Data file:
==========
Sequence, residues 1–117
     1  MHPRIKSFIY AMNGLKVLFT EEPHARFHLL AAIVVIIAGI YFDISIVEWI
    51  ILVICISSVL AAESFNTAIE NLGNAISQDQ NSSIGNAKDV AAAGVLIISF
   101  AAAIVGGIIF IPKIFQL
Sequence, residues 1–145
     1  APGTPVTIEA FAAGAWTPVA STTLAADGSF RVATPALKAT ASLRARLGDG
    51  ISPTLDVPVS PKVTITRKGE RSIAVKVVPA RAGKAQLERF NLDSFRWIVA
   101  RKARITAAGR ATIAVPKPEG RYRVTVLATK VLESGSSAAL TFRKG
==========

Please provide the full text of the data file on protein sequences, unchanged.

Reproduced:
Sequence, residues 1–117
     1  MHPRIKSFIY AMNGLKVLFT EEPHARFHLL AAIVVIIAGI YFDISIVEWI
    51  ILVICISSVL AAESFNTAIE NLGNAISQDQ NSSIGNAKDV AAAGVLIISF
   101  AAAIVGGIIF IPKIFQL
Sequence, residues 1–145
     1  APGTPVTIEA FAAGAWTPVA STTLAADGSF RVATPALKAT ASLRARLGDG
    51  ISPTLDVPVS PKVTITRKGE RSIAVKVVPA RAGKAQLERF NLDSFRWIVA
   101  RKARITAAGR ATIAVPKPEG RYRVTVLATK VLESGSSAAL TFRKG